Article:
The iron lung and the platform doomsday clock

Philip Morgan

I've always thought iron lungs are fascinating.

My fascination with them began with T. Herman Zweibel's column in The Onion, a spectacular example of which you can read here: (yes I know this is a made up character in a satirical publication, but it's more fun to think it's real)

Here's an example of Zweibel writing about his iron lung:

Anyway, there are, according to Gizmodo, perhaps a half-dozen iron lungs in use in the US:

This is mostly a good thing. Hulking iron lungs have been replaced by positive pressure ventilators like CPAPs. Apparently they're mostly as good. Gizmodo:

When Lillard is outside of the tank, she can breathe using a positive-pressure ventilator, a smaller device that pushes air into her lungs. But that instrument doesn’t provide the same relief as when she puts her entire body into the 640-pound, 7-and-a-half-foot-long apparatus. Plus forcing air into the lungs can cause inflammation or damage the air sacs. When she’s sick, she can only heal if she spends full days in the iron lung.

This will sound familiar to readers of The Innovator's Dilemma.

And this part of the article will sound familiar to folks who work with legacy systems:

Her iron lung has portholes and windows on the side; a pressure gauge at the top. The machine is actually cobbled together from two iron lungs. One, the March of Dimes gave her when she was a child. The other, she bought from someone in Utah, after she haggled him down from $25,000 to $8,000. The body has also been modified over the years. Her grandfather invented a motorized pulley system that closes the bed tray into the tank after she climbs in. He also replaced the brushed aluminum mirror above the neck slot with a real mirror so that she could have a clear view to the rest of the room when she’s locked in the canister. A local engineer used a motor from an old voter registration device to build a mechanism that tightens the collar around her neck after she slips her head through the portal. The fan belts and half-horsepower motor have been replaced about ten times.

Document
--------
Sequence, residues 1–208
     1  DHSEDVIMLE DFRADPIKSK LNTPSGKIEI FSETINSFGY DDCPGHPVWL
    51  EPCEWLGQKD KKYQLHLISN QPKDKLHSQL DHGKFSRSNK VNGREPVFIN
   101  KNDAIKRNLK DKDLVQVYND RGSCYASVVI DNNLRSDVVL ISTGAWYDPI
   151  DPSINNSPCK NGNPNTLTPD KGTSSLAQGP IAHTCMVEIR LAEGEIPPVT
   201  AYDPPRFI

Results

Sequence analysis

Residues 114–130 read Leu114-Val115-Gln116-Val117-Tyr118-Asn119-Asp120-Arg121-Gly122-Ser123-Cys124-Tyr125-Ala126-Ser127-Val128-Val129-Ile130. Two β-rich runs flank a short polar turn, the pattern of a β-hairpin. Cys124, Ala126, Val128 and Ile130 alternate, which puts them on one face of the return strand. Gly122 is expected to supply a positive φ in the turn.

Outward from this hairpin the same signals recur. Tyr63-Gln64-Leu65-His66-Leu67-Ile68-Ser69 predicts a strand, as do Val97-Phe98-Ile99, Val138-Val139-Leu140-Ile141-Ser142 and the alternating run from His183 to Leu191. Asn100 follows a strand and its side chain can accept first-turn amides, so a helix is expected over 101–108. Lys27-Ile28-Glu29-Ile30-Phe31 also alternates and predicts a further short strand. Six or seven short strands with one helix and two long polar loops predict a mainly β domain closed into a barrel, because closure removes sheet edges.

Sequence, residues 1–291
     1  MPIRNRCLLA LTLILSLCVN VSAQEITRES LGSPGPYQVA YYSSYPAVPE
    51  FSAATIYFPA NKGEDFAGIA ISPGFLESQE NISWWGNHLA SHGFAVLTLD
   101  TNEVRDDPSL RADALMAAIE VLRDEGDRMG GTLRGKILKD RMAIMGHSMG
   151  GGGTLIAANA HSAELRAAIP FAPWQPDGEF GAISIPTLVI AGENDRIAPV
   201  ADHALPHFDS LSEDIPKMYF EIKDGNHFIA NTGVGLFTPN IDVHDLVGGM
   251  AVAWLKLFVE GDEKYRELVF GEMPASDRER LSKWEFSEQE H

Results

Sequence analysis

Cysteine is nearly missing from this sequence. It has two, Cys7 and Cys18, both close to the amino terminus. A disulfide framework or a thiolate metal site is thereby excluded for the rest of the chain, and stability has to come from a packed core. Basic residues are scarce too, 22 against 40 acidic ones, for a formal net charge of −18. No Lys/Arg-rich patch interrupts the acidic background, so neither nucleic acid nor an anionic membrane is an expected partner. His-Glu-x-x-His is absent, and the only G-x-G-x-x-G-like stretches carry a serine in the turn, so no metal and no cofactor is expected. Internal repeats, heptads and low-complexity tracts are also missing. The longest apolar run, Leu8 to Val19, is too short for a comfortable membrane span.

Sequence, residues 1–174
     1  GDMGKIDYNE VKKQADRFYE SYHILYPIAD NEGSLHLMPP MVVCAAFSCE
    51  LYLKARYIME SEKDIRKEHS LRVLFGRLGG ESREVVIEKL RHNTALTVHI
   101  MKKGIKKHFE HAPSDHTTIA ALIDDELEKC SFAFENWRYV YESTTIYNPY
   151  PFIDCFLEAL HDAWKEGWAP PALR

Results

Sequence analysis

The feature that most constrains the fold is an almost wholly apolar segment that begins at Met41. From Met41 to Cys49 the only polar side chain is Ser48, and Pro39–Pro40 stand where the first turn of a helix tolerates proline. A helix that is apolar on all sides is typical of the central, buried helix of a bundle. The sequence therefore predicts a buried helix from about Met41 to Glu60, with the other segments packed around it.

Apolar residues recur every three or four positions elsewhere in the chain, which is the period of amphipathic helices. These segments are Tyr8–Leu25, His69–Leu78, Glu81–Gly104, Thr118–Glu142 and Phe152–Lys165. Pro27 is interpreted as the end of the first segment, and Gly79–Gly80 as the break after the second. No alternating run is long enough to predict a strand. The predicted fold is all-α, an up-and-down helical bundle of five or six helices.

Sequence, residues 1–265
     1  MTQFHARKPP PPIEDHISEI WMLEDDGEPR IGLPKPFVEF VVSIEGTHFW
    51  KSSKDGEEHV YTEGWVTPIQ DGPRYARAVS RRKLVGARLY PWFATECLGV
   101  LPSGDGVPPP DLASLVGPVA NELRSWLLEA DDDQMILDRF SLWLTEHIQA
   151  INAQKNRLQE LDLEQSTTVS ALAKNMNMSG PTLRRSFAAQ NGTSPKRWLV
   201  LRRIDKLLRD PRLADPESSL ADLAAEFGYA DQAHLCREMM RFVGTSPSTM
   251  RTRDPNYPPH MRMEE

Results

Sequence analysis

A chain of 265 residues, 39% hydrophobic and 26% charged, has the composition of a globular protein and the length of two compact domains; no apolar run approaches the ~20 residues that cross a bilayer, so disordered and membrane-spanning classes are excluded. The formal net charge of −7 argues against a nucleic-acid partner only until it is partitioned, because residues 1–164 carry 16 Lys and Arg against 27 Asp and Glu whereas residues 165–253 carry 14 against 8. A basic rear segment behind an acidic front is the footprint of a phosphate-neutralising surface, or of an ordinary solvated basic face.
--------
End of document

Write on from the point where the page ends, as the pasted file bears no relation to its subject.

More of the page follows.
So it goes with technology. Platforms get supplanted with what's newer, even if it's not as "good" however it is that you define good.

I think I've pretty well documented the constraints and shortcomings of platform specialization. Any situation where your core skills become commoditized in 5 to 7 years is, to me, a young person's game. You can make a decent living with commoditized skills, but without licensing and other barriers to entry, fully commoditized tech skills can leave you charging less per hour than a plumber or car mechanic.

If you're committed to the platform specialization route, the answer is to cultivate a genuine interest or sympathy to the business impact of the technology you're focused on.

I recently had a super interesting conversation with Corey Quinn, who has done just that. I'm gonna publish this conversation on my podcast in a few weeks, and so if you aren't subscribed to the podcast now might be a good time to do so: